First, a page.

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Officer warns against dangers of angel's trumpet

In the Los Feliz neighborhood, youths who ingest the toxic plant to get high have been sickened.

February 19, 2010|By Kate Linthicum

One day last week officer Al Polehonki took his police cruiser out for a garden tour of Los Feliz.

He was looking for a toxic plant called angel's trumpet, a plant common in Southern California that is known for its large, flared flowers that Polehonki described as looking "like lilies with long necks."

Each time he spotted the plant in front of a house, he got out, knocked on the door and asked whoever answered: Do you know that kids pick these flowers and chew them to get high?

At least twice this year paramedics have been called to nearby Marshall High School to treat students who became ill after ingesting angel's trumpet, school officials say. Polehonki, who is familiar with those cases, said the students suffered nausea, delirium and difficulty breathing. He said he has heard of two other cases in which neighborhood youths became seriously ill after eating the plant.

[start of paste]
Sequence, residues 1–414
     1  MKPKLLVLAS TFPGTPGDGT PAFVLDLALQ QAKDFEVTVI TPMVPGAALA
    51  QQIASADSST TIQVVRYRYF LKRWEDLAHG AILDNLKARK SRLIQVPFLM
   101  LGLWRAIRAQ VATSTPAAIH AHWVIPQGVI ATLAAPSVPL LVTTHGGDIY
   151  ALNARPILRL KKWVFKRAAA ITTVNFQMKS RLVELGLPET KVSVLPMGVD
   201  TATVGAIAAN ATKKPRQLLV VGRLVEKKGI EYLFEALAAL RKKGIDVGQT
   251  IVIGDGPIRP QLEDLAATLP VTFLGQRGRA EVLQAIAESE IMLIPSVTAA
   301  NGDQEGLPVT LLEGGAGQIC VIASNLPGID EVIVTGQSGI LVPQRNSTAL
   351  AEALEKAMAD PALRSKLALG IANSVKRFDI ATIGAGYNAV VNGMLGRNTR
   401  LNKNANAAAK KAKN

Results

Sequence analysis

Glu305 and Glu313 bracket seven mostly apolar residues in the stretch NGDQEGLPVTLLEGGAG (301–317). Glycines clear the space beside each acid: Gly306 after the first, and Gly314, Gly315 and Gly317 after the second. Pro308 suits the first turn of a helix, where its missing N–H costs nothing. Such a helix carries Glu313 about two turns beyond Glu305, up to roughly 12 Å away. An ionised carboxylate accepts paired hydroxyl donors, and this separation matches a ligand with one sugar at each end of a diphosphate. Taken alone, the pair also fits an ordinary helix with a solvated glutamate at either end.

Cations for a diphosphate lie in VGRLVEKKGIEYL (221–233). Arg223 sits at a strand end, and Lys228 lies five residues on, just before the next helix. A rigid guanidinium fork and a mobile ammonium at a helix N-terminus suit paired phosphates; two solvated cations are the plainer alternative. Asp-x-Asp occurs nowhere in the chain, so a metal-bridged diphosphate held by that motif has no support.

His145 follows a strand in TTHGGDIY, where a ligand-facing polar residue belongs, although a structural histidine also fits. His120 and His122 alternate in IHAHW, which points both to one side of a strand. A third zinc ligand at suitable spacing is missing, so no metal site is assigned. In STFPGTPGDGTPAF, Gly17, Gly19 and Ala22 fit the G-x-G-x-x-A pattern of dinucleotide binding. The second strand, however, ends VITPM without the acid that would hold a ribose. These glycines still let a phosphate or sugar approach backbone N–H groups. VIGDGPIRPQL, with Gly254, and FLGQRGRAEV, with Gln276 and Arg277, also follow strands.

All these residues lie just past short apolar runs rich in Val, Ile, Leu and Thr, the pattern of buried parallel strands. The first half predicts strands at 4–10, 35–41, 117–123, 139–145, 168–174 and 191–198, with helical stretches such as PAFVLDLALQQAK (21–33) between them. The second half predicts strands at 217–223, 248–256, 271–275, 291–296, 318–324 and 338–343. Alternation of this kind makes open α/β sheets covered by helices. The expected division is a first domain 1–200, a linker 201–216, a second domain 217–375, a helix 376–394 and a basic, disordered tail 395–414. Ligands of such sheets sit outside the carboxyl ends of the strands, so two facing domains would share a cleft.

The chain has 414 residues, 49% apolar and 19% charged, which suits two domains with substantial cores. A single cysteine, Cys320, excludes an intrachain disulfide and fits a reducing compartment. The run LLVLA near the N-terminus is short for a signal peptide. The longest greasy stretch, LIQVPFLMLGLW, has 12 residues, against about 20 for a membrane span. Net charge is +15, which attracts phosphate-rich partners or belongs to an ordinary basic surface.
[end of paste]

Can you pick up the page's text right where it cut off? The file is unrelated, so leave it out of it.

They do it, said 14-year-old Marshall High freshman Earl Harris, "because it makes them feel relaxed and calm."

Harris said he has heard fellow students talk about eating angel's trumpet and how it makes them feel, although he said he's never eaten the plant himself.

Angel's trumpet is a relative of jimson weed, a smaller plant that grows wild and that has long been a subject of teenage lore.

David Nichols, a pharmacologist at Purdue University and an expert in psychoactive drugs, said angel's trumpet, like jimson weed, "does produce hallucinations, but at toxic levels."

"It is not something to play around with," Nichols said. "Drugs like LSD or marijuana will never kill you, but angel's trumpet can."

Officials with the Los Angeles Unified School District say they have not heard of students using angel's trumpet at other schools.

"This is not an epidemic," said Earl Perkins, the district's assistant superintendent for school operations. Other school officials said that substances such as marijuana and household chemicals that students inhale are more common.

But unlike those substances, angel's trumpet is ubiquitous -- and free. That's what worries Polehonki.

On his recent tour, Polehonki said, he found one such plant at a house on Lyric Avenue, one block from Marshall High. "Just about every flower within reaching distance was missing," he said.

The officer alerted the homeowner, who agreed to chop it down.

Polehonki has warned other residents, "If you've got the plant, keep an eye on it."

Harris, who was hanging out with friends after school Thursday, listening to rap music on an amplified iPod, said he first heard talk about angel's trumpet, or "angel," two months ago.

"I've been seeing these plants my whole life," he said, "and I never knew they did that."

kate.linthicum

@latimes.com

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